Word Crime | Alice Fraser

Word Crime | Alice Fraser

In Word Crime, Alice Fraser explores words and how we use them to shape the world. The set itself is covered in them, and Fraser wields them with some fury throughout the fifty minute show. With her banjo slung across her shoulders she quickly sets herself up as the queen of the clever rhyme. The songs are fun; the one about violence is brilliant, and Fraser executes them well. Her voice is sweet and easy to listen to.

Fraser begins her show by telling her audience that words are very important to her, but there are moments when they seem to run away from her, where she risks losing control of the material. Fraser has a lot to say and at times it feels that stand-up comedy is the wrong vehicle for her.

Much of the material is about sexism, racism and violence, and Fraser treads a tight line between comedy and vitriol. Odd segues and some awkward moments sit alongside some predicable material. The things that jarred the most were the racist jokes that for the most part worked only to reinforce racist myths.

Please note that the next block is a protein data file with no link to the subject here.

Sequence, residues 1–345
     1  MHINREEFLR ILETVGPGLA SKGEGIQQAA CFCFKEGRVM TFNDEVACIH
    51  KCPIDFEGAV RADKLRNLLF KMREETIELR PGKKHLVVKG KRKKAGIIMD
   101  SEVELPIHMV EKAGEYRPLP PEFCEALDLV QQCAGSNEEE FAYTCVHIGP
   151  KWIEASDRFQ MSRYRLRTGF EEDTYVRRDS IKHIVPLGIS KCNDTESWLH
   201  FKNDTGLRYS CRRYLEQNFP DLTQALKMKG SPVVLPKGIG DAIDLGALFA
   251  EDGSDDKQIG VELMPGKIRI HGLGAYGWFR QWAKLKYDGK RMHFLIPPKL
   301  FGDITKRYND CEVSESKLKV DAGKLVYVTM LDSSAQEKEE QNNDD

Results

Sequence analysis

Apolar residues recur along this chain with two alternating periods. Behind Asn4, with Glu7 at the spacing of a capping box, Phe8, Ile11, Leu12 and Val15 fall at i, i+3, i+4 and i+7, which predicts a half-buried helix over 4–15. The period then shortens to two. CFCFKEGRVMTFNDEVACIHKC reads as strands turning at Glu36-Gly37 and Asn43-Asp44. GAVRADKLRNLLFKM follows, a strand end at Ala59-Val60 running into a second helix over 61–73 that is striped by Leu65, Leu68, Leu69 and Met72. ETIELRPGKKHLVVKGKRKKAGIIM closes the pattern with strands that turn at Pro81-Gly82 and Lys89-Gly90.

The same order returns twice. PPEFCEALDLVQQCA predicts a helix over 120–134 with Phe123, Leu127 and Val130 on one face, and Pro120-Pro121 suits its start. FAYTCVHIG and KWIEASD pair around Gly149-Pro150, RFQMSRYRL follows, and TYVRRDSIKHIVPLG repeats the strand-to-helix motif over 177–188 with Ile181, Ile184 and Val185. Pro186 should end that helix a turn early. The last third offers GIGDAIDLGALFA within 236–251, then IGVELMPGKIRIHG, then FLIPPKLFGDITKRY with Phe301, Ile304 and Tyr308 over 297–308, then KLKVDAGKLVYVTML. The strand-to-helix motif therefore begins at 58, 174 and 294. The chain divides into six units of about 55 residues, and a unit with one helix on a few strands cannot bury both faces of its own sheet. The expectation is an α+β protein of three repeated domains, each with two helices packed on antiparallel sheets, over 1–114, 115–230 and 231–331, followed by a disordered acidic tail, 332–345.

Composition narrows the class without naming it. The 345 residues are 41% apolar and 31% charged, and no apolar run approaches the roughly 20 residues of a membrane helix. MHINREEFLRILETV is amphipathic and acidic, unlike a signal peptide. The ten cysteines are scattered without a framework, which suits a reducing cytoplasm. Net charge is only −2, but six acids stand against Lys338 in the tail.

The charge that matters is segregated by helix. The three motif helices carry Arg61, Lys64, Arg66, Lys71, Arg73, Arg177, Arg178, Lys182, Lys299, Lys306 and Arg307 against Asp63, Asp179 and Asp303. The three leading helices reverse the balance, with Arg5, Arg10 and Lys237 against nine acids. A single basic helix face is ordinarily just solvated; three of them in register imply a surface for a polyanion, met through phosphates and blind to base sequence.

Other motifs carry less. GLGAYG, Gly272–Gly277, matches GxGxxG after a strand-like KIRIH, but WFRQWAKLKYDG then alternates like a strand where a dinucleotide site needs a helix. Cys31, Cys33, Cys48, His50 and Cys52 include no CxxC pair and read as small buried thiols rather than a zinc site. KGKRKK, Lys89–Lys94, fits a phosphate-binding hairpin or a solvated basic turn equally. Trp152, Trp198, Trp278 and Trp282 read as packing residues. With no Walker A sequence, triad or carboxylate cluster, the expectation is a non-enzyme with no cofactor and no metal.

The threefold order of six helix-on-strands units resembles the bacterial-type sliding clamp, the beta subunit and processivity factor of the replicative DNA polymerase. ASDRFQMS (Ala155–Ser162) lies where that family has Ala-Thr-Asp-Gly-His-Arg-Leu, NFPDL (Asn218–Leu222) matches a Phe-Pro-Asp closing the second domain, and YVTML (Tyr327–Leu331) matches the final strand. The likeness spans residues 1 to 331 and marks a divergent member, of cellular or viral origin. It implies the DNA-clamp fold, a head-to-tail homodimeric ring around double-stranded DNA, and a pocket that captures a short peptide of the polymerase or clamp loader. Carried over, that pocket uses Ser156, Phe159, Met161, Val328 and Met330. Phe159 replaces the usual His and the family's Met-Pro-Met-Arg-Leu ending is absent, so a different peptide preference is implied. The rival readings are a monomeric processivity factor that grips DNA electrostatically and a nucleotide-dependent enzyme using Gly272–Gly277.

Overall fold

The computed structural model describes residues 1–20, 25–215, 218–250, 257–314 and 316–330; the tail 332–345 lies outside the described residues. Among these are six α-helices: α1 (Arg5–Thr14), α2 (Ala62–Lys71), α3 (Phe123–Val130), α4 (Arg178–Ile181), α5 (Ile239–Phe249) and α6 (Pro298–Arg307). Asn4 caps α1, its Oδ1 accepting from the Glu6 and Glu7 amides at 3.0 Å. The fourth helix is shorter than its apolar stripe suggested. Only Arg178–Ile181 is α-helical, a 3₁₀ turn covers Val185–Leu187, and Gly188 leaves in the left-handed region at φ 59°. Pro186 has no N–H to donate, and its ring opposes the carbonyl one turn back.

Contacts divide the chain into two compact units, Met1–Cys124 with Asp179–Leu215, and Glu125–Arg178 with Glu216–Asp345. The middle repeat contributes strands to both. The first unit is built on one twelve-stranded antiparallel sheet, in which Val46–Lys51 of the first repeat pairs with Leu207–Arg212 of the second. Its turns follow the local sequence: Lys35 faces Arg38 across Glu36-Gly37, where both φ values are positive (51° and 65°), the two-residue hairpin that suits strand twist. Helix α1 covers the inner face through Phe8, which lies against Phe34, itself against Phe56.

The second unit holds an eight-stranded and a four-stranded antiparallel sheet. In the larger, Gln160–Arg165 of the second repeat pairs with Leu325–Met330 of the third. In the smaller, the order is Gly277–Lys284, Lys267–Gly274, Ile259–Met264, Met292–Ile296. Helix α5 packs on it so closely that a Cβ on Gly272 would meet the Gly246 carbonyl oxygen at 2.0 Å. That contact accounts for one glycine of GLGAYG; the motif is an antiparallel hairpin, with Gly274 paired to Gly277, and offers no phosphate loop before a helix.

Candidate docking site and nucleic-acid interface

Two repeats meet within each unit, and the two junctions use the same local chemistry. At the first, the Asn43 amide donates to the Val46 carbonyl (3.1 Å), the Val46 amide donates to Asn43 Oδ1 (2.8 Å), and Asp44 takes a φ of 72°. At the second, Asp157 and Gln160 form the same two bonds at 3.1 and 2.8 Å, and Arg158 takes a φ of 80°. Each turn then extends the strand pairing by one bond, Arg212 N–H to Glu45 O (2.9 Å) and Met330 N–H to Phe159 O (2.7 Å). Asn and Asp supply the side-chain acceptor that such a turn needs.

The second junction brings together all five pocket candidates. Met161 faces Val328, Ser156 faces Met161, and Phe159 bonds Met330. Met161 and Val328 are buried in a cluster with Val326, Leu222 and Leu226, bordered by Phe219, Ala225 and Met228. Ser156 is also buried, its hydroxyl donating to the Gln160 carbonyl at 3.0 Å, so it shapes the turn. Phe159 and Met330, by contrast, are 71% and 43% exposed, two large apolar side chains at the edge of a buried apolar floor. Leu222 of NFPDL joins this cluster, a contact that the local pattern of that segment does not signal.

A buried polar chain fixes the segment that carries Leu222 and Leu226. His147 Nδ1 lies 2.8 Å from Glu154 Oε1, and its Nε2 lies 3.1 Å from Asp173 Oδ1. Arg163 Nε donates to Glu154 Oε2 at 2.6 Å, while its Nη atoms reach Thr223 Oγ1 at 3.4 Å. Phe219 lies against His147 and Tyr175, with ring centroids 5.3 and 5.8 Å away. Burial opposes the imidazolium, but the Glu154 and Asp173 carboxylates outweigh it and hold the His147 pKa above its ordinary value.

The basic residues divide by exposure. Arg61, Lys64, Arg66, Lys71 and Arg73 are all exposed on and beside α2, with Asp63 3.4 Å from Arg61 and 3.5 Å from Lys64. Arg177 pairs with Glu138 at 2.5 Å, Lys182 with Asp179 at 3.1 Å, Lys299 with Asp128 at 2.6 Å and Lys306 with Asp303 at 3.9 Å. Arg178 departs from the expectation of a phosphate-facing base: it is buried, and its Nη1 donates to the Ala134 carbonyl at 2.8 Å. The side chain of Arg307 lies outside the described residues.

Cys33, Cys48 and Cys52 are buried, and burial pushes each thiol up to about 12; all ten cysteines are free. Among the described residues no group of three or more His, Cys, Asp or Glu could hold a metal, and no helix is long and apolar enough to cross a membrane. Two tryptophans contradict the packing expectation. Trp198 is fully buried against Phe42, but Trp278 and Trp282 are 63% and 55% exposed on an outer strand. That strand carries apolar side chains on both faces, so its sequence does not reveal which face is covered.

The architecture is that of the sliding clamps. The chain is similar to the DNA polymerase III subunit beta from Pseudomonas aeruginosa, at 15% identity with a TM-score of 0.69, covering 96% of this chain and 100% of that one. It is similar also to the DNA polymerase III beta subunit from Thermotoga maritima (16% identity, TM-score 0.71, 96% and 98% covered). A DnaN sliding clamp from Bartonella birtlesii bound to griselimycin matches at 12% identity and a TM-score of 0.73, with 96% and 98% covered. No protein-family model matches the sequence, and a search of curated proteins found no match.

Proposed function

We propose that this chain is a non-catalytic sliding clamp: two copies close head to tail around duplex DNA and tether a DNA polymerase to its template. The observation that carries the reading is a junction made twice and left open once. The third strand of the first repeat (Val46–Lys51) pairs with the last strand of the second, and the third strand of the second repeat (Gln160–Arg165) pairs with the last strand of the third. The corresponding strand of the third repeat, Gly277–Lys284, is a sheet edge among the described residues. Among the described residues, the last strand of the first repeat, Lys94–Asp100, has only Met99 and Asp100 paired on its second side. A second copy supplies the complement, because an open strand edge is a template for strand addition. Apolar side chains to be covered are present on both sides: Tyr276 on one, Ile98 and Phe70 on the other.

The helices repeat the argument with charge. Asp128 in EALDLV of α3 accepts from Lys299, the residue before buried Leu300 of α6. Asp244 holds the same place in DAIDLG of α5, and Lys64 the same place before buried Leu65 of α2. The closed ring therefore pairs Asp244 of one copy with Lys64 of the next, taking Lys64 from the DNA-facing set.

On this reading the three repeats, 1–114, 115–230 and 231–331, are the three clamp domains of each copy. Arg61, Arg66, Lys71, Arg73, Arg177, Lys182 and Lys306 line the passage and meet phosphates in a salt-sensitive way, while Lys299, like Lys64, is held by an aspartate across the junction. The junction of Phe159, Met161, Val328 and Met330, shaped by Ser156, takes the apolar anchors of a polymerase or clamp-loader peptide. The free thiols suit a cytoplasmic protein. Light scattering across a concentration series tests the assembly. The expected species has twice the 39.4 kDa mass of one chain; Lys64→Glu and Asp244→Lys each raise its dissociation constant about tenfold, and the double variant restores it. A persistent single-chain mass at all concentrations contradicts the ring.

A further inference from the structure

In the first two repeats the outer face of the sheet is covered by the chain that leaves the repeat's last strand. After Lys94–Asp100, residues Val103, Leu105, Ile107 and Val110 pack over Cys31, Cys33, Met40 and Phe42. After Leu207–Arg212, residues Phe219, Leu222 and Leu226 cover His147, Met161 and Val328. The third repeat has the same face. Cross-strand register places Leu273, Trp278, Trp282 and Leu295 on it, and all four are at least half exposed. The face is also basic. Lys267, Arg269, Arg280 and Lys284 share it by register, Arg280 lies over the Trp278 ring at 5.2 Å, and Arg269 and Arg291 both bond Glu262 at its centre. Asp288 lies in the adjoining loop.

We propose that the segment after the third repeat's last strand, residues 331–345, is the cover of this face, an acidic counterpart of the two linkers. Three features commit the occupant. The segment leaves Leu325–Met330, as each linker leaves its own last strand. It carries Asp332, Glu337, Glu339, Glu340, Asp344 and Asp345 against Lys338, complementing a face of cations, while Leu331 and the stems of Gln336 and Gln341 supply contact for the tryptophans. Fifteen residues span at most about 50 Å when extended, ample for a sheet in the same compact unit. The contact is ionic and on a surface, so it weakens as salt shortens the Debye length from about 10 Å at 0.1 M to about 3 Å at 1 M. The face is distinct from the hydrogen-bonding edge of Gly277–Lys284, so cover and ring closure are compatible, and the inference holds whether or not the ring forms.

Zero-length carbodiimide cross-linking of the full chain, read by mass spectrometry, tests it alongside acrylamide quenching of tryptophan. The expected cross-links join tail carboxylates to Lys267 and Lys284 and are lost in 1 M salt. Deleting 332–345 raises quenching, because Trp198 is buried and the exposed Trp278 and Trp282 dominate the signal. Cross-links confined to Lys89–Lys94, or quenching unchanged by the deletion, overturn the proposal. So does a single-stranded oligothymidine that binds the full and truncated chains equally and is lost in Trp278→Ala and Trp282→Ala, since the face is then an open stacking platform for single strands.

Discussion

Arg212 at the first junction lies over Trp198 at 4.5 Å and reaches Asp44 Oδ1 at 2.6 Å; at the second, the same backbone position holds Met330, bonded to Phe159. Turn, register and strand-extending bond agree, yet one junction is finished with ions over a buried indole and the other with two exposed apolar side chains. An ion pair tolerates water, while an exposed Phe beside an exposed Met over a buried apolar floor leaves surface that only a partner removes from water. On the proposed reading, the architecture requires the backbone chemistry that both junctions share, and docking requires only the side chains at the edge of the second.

There’s no doubt Fraser is a talented performer. With a little more practice in making a tightly rehearsed script appear more off-the-cuff, and some adjustments to the material that currently isn't working as stand-up, she has a winner on her hands.


Word Crime
Alice Fraser

Venue: The Butterfly Club | Carson Place (off Little Collins St), Melbourne
Dates: April 9, 10, 16, 17, 2013
Tickets: $10 - $18
Bookings: 9360 2000 | thebutterflyclub.com   

Part of the 2013 Melbourne International Comedy Festival



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